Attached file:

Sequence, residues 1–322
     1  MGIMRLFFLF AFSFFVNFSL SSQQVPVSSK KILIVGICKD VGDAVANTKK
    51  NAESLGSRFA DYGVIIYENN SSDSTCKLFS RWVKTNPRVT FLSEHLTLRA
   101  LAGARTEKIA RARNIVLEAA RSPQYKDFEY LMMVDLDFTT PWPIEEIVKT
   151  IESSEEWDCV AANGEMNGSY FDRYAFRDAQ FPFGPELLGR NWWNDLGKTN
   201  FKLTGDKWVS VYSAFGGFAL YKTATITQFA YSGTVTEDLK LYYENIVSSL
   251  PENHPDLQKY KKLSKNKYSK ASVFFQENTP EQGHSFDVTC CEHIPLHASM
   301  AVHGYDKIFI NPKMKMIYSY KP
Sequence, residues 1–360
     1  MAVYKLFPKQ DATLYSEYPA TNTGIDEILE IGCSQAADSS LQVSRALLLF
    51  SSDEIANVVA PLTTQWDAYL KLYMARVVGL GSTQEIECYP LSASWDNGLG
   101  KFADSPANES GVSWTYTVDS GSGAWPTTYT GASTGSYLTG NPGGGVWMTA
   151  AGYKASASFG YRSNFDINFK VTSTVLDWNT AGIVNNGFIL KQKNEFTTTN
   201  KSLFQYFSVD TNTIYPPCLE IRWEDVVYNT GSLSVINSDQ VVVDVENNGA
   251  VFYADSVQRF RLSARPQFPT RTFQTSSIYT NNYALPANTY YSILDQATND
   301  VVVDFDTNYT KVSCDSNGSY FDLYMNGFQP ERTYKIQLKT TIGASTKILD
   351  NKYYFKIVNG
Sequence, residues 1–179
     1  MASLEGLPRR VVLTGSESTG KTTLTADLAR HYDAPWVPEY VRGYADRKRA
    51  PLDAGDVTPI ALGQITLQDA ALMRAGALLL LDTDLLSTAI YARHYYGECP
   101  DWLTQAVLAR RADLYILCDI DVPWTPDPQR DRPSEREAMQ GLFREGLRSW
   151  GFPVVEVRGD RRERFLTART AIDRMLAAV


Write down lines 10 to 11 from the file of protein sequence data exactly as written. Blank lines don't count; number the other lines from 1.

     1  MAVYKLFPKQ DATLYSEYPA TNTGIDEILE IGCSQAADSS LQVSRALLLF
    51  SSDEIANVVA PLTTQWDAYL KLYMARVVGL GSTQEIECYP LSASWDNGLG